Enzyme in human salivary microbes decomposes PET-based plastics
Human saliva may contain an enzyme which can decompose the plastic polyethylene terephthalate (PET). Researchers found the promising enzyme, a hydrolase, in a database containing human metagenome samples. As they report in the journal Angewandte Chemie International Edition, this newly discovered hydrolase performs better than many other known bacterial PET hydrolases. It can be produced using biotechnological methods and could be put to use in plastic recycling or for functionalizing plastics, the authors add.
Landfill sites and harbors are known to be particularly promising sites for finding bacteria that have adapted to consume or make use of plastics. These bacteria have evolved enzymes, known as PET hydrolases, which can break PET down into smaller molecules. Chayasith Uttamapinant from the Vidyasirimedhi Institute of Science and Technology (VISTEC) in Rayong, Thailand, and Worawan Bhanthumnavin from Chulalongkorn University, Bangkok, Thailand, and colleagues, have now discovered the first enzyme to decompose PET from a rather more surprising source: the genome of microbial communities in human saliva.
The researchers believe that, because humans consume vast amounts of food which has been packaged using PET, microbes in the saliva, or the GI tract, may have evolved to digest microplastics. The team uncovered the new hydrolase, which they named MG8, while searching a public metagenome database containing samples from seawater and human saliva, and were able to attribute the likely source of the enzyme to Gram-negative bacteria that may reside in human saliva. These bacteria are similar to strains found near the "Pacific trash vortex," which have also evolved to produce PET hydrolases.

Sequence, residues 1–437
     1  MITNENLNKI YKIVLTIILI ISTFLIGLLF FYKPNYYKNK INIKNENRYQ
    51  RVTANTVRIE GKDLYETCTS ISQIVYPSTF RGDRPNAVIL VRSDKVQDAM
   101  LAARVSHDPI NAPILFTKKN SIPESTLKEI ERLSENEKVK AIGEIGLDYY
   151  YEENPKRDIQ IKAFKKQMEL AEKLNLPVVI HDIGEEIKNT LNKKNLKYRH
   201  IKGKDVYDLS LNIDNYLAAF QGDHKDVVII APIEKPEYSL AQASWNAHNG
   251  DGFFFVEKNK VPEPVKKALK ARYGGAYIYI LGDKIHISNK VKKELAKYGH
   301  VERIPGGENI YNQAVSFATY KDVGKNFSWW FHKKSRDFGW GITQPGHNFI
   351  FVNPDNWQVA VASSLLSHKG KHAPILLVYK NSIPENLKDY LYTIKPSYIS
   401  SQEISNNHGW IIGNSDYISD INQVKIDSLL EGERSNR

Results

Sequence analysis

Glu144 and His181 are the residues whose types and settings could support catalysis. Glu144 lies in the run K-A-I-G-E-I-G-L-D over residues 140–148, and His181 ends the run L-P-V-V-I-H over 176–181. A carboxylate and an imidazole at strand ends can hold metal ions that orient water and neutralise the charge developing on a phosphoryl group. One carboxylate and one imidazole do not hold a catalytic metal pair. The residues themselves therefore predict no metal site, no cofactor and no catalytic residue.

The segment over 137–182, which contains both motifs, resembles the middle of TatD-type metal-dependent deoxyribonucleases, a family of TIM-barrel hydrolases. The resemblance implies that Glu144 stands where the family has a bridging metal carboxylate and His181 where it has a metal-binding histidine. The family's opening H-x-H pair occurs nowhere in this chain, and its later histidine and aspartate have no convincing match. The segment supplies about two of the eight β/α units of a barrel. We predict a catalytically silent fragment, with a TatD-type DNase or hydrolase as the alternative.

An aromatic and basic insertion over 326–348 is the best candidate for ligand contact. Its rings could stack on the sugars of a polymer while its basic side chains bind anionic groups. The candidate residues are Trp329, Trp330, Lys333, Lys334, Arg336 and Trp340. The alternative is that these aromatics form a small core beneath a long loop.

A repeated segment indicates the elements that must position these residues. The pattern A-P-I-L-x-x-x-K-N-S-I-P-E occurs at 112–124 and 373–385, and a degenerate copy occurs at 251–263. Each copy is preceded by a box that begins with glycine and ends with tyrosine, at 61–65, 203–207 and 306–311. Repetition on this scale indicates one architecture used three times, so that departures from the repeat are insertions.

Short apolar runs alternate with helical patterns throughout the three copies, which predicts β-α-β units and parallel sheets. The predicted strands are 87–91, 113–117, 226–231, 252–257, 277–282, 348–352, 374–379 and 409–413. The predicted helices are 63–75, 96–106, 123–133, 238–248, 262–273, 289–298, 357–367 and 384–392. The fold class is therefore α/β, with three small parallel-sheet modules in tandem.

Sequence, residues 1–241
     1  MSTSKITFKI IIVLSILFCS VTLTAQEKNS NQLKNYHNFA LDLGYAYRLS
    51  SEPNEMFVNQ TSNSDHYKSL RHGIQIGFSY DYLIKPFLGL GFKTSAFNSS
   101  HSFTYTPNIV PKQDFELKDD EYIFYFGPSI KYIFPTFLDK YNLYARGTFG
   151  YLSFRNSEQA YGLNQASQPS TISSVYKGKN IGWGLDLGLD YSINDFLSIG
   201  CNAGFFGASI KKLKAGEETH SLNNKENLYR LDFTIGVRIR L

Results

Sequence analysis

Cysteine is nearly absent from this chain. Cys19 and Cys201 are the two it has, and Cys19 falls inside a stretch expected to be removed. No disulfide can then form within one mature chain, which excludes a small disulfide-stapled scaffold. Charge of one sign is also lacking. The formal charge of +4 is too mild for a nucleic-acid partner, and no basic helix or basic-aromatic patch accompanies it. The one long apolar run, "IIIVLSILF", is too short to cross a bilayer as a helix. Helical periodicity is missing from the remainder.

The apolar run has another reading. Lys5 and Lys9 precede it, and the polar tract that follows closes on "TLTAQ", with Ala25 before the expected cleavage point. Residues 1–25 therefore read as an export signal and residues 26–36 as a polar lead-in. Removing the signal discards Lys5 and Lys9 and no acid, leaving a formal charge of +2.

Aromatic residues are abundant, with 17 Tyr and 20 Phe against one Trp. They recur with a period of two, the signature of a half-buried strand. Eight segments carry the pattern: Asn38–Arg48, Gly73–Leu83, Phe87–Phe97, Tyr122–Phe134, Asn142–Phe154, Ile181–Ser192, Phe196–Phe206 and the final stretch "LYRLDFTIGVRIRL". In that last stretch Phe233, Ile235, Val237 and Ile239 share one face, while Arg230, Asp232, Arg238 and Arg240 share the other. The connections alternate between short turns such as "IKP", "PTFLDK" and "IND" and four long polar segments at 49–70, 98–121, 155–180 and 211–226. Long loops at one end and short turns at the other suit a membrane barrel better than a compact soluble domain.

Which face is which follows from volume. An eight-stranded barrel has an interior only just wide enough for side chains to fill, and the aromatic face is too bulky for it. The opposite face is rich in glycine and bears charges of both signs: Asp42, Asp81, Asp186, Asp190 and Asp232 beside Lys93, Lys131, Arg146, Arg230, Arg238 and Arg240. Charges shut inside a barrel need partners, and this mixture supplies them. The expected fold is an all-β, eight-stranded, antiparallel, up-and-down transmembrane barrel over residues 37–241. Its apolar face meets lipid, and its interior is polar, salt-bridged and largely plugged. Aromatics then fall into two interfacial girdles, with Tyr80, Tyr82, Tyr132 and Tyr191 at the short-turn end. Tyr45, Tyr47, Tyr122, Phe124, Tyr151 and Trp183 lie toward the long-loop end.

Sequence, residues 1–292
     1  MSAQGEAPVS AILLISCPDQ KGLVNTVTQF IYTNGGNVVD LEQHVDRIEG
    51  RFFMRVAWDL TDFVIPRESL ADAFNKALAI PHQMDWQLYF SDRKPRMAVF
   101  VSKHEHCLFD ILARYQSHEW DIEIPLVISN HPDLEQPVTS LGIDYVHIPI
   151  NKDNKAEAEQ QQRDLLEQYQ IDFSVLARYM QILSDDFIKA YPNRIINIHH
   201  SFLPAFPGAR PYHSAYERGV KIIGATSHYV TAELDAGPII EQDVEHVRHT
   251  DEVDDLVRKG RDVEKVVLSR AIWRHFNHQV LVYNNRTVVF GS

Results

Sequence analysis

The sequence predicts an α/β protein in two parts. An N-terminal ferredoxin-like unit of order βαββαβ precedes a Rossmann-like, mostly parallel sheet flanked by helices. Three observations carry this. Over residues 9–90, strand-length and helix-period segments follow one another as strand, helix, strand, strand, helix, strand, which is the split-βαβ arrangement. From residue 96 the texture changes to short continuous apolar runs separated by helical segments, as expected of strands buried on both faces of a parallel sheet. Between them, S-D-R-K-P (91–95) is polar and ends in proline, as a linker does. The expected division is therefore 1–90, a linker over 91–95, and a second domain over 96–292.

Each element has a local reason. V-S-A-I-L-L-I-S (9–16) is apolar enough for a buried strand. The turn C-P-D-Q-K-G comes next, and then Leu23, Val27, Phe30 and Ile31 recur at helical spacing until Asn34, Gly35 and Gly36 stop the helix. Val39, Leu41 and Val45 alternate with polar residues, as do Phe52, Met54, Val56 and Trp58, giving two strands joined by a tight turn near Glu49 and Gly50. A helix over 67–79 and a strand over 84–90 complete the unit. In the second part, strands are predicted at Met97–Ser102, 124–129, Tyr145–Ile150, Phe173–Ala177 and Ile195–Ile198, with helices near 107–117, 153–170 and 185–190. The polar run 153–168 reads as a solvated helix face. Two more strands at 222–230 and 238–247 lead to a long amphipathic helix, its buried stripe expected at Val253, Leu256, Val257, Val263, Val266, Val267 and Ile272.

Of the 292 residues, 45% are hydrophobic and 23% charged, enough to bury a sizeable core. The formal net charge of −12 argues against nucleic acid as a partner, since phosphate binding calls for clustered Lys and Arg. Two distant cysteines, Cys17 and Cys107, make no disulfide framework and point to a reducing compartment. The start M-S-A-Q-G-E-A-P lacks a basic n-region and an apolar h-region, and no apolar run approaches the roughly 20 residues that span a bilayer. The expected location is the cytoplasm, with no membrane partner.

They first needed enough material to perform their experiments, and so they modified a bacterium that can be cultured in laboratories to produce the enzyme. They easily recovered an active form of the enzyme, able to decompose PET, from a denatured form that can be isolated in large amounts. The researchers highlight that this shows great promise for scaling up in the future.
Aside from the prospects for recycling scalability, the team also foresee another use of MG8. They discovered that not only can it decompose PET with ease but, with a small modification, it can also bind to it highly effectively. To achieve this, they modified the protein sequence by replacing one of the naturally occurring amino acids (serine) at the active site with an unnatural amino acid, DAP. The modified enzyme immediately adhered to PET powder. This could be used as a vehicle for functionalizing PET surfaces, increasing the versatility of PET in medical devices, for example, and enhancing the versatility of recycled PET.
Despite the promise of MG8 in plastic recycling and functionalization, the team acknowledge that MG8, like other PET hydrolases, still needs some work. For the time being, consumer-grade PET plastics with high crystallinity cannot be decomposed using this hydrolase. Therefore, further research will be necessary to reach the stage where a whole plastic water bottle can be dissolved in a simple solution containing the enzyme.